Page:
And this is what makes the “Up Series” so utterly compelling to watch.  Through these real people, we see ourselves — our hopes and disappointments, and ups and downs.  This isn’t necessarily a film about them.  It’s a film about us. 

Perhaps most remarkable of all, even nearing a half-century after filming began, it remains very much a work in progress.  They’re each 56 now, which means there’s at least another three or perhaps even four decades still to go.  Imagine if someone lives to be 100 (and odds are at least one will); that means the final chapter of this film will take place in the year 2057.

This is true reality television.  There are no contrived plots or phony characters.  Only real-life people and their vulnerabilities.

Yes, they’re English, but they could be from just about any country.  I dare you to watch any part of this series and not come away with new insights about aging and maturity.  It’s a remarkable testament to the most fundamental human quality of endurance and adaptation to how the social and economic environment changes.  And most assuredly, it will always change.

Oddly enough, none of this was the original intent of the filmmaker.  Apted initially set out to film a one-time expose.  He hoped to reveal how basic attitudes are already shaped to a certain extent by age 7.  From those early interviews, we see that some children already held biases against underclasses, while others were envious of those with greater social and economic privilege.  Some were already ingrained with racist and sexist attitudes (some of which are pretty hilarious).  Yet all shared an absurdly naive optimism that they could still accomplish anything they wanted.  Then, reality begins to set in and every seven years we (the viewers) get to go back into these same lives and see what went either right or wrong.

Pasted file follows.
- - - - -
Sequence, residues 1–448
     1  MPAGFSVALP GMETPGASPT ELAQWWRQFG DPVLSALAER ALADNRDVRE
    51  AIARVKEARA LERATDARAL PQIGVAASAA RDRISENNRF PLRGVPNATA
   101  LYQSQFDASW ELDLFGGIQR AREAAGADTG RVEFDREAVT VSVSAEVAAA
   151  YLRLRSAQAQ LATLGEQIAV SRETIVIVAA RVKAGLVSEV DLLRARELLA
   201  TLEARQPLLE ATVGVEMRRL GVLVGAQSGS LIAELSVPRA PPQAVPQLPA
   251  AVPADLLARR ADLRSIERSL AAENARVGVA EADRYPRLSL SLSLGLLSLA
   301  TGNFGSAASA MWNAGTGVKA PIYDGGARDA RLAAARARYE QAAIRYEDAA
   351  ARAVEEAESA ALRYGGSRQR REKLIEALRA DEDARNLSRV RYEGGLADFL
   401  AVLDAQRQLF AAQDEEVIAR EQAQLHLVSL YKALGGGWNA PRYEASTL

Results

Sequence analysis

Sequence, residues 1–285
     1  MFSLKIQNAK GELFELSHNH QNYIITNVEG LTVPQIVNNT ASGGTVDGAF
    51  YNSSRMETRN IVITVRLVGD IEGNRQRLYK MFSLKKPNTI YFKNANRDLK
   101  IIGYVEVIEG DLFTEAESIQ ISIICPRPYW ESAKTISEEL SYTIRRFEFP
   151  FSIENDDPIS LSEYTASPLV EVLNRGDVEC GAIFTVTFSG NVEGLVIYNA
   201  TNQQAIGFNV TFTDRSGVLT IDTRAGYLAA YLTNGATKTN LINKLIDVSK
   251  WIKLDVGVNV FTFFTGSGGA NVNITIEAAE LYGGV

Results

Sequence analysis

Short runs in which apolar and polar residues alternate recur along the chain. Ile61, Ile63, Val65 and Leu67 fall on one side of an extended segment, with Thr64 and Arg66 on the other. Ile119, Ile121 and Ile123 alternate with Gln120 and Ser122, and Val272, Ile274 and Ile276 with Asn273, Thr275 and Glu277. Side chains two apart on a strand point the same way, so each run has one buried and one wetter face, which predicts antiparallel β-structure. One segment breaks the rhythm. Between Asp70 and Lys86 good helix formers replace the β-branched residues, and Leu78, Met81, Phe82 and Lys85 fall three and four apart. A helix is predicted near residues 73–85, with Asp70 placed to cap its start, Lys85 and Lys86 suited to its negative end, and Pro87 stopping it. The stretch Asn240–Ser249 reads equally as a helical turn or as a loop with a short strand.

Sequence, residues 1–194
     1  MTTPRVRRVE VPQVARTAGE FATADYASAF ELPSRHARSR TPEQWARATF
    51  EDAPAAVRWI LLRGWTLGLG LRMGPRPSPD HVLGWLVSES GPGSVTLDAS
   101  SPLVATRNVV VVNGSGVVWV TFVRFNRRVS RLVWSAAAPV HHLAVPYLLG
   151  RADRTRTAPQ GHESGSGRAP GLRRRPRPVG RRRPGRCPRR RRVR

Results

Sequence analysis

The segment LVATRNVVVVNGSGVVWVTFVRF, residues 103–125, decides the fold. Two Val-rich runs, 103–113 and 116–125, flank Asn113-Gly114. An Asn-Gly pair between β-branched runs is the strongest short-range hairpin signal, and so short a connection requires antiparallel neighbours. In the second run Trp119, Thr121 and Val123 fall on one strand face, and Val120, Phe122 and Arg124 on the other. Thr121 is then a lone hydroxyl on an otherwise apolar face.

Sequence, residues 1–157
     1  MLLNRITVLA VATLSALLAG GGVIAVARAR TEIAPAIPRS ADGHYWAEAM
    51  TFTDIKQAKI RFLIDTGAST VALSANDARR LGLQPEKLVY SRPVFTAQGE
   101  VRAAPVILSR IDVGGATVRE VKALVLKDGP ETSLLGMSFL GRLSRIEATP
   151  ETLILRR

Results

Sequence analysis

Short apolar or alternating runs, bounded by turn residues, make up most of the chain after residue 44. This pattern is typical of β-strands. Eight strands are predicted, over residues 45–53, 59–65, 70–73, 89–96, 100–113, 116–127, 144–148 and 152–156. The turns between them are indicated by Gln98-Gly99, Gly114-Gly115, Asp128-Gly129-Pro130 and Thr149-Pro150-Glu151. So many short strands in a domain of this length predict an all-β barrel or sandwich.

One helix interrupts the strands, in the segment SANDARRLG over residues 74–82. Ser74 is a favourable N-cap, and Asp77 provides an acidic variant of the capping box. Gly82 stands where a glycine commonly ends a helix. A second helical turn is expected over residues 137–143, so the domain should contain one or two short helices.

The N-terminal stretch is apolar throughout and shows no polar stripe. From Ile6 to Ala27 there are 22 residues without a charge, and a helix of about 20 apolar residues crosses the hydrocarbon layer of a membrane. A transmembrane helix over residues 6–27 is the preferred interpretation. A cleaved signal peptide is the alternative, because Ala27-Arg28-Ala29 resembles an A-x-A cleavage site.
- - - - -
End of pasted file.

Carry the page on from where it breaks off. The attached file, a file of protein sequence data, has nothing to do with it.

What we see is this:  In most cases, the children stick with their initial interests in life.  It seems that even by such a relatively young age, kids are already tethered to certain interests and potential career paths.  Without intentionally doing so, this is a stunning reaffirmation that our personalities are already pretty well established by the time we start attending school as youngsters.

Yet family lives aren’t quite so easy to predict.  Virtually all the participants go through significant changes in their relationships.  They get divorced, re-marry, and endure merry-go-rounds of emotional fulfillment and disappointment.  Unlike our interests in life, nothing in our personal lives ever seems so certain.

What comes next?  Well for one, as a mere viewer I’m not exactly thrilled with leaping ahead seven years and suddenly being 58-years-old.  That said, I can’t wait for the next installment coming in 2020 — the year when each of those children interviewed back in 1964 will then be age 63.

Here’s a two-minute trailer of 56 Up (below).

The film in its 2 hours and 18-minute entirety can be seen HERE.



See more about the “Up Series” on PBS by clicking HERE

READ: More on television

1 Comment

  1. I think it is a good film, however I think if you come from small family or have few friends, might be eye opener, but with 14 siblings and hundred of friends I see same thing in the photos of last 50 years.


  1. Movie Review: Boyhood - Nolan Dalla - […] The latest edition of the “Up Series” – called “56 Up” – was released last year (airing on PBS in the…